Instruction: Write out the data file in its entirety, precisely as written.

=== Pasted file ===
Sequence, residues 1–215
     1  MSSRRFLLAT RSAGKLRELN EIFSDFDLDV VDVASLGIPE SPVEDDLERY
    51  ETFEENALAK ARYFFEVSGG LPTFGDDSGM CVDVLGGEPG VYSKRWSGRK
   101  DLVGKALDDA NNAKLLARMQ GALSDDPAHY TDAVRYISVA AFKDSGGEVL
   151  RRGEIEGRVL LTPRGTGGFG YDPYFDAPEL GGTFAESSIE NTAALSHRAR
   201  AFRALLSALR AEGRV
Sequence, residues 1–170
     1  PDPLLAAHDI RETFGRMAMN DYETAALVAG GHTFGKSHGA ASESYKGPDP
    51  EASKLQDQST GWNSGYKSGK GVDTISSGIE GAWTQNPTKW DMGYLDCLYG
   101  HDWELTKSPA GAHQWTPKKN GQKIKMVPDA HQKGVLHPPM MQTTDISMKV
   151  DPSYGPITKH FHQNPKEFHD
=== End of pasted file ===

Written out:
Sequence, residues 1–215
     1  MSSRRFLLAT RSAGKLRELN EIFSDFDLDV VDVASLGIPE SPVEDDLERY
    51  ETFEENALAK ARYFFEVSGG LPTFGDDSGM CVDVLGGEPG VYSKRWSGRK
   101  DLVGKALDDA NNAKLLARMQ GALSDDPAHY TDAVRYISVA AFKDSGGEVL
   151  RRGEIEGRVL LTPRGTGGFG YDPYFDAPEL GGTFAESSIE NTAALSHRAR
   201  AFRALLSALR AEGRV
Sequence, residues 1–170
     1  PDPLLAAHDI RETFGRMAMN DYETAALVAG GHTFGKSHGA ASESYKGPDP
    51  EASKLQDQST GWNSGYKSGK GVDTISSGIE GAWTQNPTKW DMGYLDCLYG
   101  HDWELTKSPA GAHQWTPKKN GQKIKMVPDA HQKGVLHPPM MQTTDISMKV
   151  DPSYGPITKH FHQNPKEFHD